Congresswoman Lofgren Supports Filapino War Veterans Of World War II

June 13, 2002
Press Release

The following is Congresswoman Lofgren’s testimony on H.R. 4094, a bill to extend veteran’s benefits to Filipino soldiers who fought on the side of the United States during World War II.

“More than 60 years ago, on July 26, 1941, brave Filipino men answered President Roosevelt’s call to arms and served with great distinction in our war in the South Pacific against the Japanese. They didn’t hesitate nor did they ask what was in it for them. The Japanese were particularly cruel to Filipino soldiers, punishing them more harshly for having the courage to stand with America. Indeed, many historians have credited their service with having helped to turn the tide in our favor against the Japanese.

“What was their reward for answering President Roosevelt’s call? They were abandoned, their sacrifices disgraced as the US denied them the same rights that had been given to other World War II veterans. Before the “Rescission Act,” enacted on February 18, 1946, these soldiers were considered U.S. veterans by VA laws.

“According to a US Department of Veteran Affairs Study released in January 2001 there were 13,849 Filipino vets residing in the US, and some 46,000 living in the Philippines. Today, there are only about 12,000 veterans left in the US and about 35,000 in the Philippines. I have met with many of these veterans who have settled in my district, in and around San Jose, California. Whenever I meet with them, I am always been impressed by how these proud men still believe they will achieve justice, even in the twilight of their lives.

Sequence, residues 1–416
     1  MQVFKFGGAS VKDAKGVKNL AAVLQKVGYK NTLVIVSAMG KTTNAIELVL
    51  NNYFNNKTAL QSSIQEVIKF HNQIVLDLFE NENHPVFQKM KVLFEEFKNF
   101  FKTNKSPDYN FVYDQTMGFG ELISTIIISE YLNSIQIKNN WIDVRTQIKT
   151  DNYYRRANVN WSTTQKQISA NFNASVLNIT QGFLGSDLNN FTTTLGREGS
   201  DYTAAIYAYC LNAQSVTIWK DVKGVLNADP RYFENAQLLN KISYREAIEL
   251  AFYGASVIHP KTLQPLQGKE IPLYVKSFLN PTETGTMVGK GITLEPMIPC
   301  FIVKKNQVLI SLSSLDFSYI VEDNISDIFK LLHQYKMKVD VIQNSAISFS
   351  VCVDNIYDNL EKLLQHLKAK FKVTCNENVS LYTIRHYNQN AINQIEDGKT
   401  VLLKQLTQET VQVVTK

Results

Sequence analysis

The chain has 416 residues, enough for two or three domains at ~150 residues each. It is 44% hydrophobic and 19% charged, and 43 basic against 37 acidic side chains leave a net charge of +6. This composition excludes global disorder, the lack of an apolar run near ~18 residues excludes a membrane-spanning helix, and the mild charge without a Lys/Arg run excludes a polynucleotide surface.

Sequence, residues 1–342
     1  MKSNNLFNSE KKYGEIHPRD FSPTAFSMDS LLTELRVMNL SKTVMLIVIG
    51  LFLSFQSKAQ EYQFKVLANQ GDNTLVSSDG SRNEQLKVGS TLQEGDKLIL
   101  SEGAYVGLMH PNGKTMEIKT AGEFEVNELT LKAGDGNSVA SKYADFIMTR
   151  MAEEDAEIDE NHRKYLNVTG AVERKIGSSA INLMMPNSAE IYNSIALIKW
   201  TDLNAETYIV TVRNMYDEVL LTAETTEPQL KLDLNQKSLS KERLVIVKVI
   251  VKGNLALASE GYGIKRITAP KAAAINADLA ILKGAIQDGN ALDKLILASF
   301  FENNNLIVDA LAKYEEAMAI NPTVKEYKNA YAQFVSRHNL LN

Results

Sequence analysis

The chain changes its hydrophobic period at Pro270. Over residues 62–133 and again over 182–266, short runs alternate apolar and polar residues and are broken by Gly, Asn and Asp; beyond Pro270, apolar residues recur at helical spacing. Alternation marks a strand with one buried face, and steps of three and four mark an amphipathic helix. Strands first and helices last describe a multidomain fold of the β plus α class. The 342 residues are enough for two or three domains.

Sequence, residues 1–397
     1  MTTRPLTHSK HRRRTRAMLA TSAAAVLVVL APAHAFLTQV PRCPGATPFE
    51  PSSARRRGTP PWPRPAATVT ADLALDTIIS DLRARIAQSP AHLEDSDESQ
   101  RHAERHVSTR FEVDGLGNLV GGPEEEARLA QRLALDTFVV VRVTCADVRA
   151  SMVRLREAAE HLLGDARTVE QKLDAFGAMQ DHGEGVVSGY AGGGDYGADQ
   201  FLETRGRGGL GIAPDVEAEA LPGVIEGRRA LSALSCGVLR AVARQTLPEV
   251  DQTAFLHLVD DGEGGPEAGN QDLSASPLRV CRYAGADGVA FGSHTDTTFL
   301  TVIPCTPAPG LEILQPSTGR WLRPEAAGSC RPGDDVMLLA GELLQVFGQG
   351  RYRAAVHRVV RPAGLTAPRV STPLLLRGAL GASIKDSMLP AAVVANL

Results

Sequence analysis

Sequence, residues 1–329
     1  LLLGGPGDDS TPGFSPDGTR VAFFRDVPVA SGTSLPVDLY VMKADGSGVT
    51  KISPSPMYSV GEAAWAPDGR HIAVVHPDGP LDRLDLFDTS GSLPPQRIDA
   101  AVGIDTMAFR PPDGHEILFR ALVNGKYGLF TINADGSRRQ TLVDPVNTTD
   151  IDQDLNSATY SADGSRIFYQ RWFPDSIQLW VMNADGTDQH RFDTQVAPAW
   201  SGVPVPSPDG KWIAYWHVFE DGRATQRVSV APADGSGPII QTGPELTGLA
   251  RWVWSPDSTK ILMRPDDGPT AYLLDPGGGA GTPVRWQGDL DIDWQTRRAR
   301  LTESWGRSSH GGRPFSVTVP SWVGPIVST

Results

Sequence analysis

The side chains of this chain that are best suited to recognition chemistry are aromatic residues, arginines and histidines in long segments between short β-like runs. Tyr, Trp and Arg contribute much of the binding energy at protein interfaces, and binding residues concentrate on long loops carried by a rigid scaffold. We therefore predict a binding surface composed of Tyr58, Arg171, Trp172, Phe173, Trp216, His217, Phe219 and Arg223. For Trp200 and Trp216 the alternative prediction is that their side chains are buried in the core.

“How can we help achieve the justice they earned with their blood and sacrifice? We can correct this injustice by officially acknowledging their honorable service during World War II. We can help them to receive the full veterans benefits from the U.S. Department of Veterans Affairs they fought for.

“U.S. law argues that they deserve the benefits they seek. Because of the 1990 Immigration and Naturalization Act, some 26,000 of these veterans were naturalized in recognition of their honorable service in World War II. As a result of Public Law 106-419, Filipino veterans who reside in the U.S. may be eligible for full VA burial benefits. If we can recognize their service at the time of their death, why can’t we recognize their service while they are still alive?

“These men have earned VA health care at VA hospitals, outpatient clinics and nursing homes in the U.S. as well as a clinic in Manila. I congratulate my colleagues, subcommittee chairman, Mr. Moran of Kansas and subcommittee ranking member, Mr. Filner of California for their dedicated efforts to address this inequity. I am proud to support these brave men and I urge this committee to act favorably on this important legislation.”